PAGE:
During his acceptance speech, Dr. Souza said, “I am truly humbled and appreciative to have even been considered worthy of this award.  In accepting the ‘Lake Tear of Clouds’ Award, I want to extend my deepest thanks to NYSFOLA, the NYSFOLA Board of Directors, Nancy Mueller (NYSFOLA Manager), and all of you here tonight.  It is people like yourselves, who advocate for clean lakes, that have made my career so rewarding. I would be remiss if I also did not take the time to thank my wife Maria and my family for their support over the years and of course the dedicated lake scientists that I have the pleasure to work with day in and day out at Princeton Hydro. That of course includes Dr. Fred Lubnow, who I have had the pleasure of working side-by-side with since 1992, Chris Mikolajczyk and Mike Hartshorne, both of whom are here tonight, and the rest of my Princeton Hydro colleagues.”

Dr. Souza first attended the NYSFOLA conference in 1985, and has been working to assess, restore and protect watersheds throughout the state of New York for over 35 years. Some of the notable projects managed by Dr. Souza over that time include projects conducted at Honeoye Lake, Sodus Bay, Greenwood Lake and Sleepy Hollow Lake. He is currently working with New York State Department of Environmental Conservation on a major statewide harmful algae bloom (HAB) management effort.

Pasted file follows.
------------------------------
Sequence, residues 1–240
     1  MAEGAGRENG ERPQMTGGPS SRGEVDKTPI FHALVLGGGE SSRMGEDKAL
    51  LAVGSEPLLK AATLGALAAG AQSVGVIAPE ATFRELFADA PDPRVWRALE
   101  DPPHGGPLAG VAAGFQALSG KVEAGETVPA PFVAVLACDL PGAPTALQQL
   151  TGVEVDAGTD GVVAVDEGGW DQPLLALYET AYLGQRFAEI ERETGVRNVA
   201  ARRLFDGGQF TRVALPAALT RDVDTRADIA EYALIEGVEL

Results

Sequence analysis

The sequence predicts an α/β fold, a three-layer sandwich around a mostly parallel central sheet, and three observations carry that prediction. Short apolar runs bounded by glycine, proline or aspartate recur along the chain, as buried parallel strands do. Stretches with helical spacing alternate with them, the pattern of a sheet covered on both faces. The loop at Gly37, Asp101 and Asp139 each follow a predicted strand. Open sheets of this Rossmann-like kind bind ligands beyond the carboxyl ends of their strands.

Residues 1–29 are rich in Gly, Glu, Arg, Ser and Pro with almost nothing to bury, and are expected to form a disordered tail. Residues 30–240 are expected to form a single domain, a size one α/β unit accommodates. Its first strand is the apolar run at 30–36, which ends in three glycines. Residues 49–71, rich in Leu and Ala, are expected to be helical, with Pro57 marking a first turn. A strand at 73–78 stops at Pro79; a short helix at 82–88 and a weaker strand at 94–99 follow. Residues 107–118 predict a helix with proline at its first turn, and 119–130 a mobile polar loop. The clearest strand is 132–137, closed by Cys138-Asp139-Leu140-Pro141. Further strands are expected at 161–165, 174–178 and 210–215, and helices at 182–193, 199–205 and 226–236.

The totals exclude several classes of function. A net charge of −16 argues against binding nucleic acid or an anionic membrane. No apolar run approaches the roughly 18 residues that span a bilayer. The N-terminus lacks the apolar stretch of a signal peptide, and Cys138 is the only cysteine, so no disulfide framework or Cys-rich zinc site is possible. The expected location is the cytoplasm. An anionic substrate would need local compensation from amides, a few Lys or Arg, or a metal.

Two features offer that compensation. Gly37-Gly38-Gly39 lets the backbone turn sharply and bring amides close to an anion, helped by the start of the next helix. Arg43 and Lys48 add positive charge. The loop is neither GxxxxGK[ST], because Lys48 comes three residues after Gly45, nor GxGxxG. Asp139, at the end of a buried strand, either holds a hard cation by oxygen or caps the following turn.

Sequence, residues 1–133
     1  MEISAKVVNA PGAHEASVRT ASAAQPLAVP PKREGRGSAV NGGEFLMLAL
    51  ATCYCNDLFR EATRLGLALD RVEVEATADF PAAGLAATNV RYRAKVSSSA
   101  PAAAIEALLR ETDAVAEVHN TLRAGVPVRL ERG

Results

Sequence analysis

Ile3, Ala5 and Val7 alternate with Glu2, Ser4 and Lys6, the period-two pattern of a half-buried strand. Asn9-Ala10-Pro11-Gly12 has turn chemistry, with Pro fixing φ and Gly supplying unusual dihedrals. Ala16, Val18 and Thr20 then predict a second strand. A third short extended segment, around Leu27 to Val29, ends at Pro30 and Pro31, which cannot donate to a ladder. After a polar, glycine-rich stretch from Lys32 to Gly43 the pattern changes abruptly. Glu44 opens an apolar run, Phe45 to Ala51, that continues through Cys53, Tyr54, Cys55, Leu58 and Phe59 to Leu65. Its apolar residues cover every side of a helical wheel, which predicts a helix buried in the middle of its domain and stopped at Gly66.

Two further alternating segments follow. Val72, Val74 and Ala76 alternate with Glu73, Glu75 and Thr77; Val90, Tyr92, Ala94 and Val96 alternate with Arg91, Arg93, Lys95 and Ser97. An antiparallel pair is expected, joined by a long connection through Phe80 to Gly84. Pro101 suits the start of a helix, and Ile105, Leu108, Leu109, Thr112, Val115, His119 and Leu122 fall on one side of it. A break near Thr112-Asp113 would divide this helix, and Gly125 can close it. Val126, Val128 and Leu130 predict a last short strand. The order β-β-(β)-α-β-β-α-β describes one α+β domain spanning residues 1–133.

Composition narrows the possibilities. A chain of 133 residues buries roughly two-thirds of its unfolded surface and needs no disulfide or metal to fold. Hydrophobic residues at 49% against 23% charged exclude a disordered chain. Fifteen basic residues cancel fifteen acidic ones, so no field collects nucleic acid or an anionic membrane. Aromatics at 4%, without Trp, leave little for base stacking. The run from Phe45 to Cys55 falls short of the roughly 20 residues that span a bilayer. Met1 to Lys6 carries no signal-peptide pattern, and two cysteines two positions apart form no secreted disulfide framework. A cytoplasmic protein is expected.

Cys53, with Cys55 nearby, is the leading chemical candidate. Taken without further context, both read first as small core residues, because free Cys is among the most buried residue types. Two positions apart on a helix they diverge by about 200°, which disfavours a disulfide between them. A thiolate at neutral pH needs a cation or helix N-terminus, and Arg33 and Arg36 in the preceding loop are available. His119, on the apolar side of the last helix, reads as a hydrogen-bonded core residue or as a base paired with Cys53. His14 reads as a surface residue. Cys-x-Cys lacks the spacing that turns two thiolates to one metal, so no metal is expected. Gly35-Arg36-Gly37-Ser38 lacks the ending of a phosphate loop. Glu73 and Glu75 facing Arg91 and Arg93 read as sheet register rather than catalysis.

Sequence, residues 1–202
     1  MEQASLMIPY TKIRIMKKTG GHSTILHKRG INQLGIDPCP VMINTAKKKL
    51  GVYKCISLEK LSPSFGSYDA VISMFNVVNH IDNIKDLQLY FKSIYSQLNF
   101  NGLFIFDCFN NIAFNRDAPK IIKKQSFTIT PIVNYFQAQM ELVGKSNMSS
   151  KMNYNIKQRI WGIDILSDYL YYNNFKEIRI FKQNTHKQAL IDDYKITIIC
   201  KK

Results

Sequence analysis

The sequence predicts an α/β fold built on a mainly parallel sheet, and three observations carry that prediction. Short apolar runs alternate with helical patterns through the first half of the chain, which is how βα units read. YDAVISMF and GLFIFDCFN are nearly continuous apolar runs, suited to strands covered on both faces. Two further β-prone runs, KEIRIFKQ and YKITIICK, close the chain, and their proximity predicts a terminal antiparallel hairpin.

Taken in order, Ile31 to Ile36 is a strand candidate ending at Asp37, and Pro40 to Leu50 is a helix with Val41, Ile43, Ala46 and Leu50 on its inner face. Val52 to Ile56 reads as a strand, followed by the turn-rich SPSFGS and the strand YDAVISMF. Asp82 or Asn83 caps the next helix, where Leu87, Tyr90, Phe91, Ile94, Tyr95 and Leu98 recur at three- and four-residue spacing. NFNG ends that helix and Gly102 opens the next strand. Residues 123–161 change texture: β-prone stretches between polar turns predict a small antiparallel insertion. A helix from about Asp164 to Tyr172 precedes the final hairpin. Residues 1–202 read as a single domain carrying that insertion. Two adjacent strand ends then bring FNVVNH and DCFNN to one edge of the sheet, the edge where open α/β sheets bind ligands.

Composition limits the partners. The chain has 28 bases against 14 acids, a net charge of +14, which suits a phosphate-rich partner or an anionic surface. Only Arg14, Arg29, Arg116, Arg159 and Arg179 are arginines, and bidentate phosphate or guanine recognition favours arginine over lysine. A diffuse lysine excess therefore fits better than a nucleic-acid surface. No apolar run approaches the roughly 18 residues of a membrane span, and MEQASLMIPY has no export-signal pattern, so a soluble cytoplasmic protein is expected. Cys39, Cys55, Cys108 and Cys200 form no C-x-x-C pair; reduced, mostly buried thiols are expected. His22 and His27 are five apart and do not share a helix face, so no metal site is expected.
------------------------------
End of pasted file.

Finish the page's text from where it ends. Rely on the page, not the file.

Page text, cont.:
“We thank you for your longtime support of NYSFOLA and our member lake association, Steve,” said Nancy J. Mueller, Manager. “And, we congratulate Princeton Hydro on its 20th anniversary.”

ABOUT NYSFOLA

The New York State Federation of Lake Associations, Inc. was founded in 1983 by a coalition of lake associations concerned about water quality, invasive species, and other issues facing New York’s lakes. Today, more than 200 lake associations across the state are members of the only statewide voice for lakes and lake associations. NYSFOLA also has corporate members and individual members who support our efforts.

Upcoming Environmental Education Opportunities

Throughout May and June, Princeton Hydro is participating in a variety of events focused on conserving, restoring, and protecting our precious water resources.

May 7 – May 11: NJWEA 103rd John J. Lagrosa Conference & Exposition

The New Jersey Water Environment Association Conference is the largest water-focused environment exposition in the Northeast drawing participants from throughout the country for four days of workshops, educational sessions, networking events, exhibitor booths and more.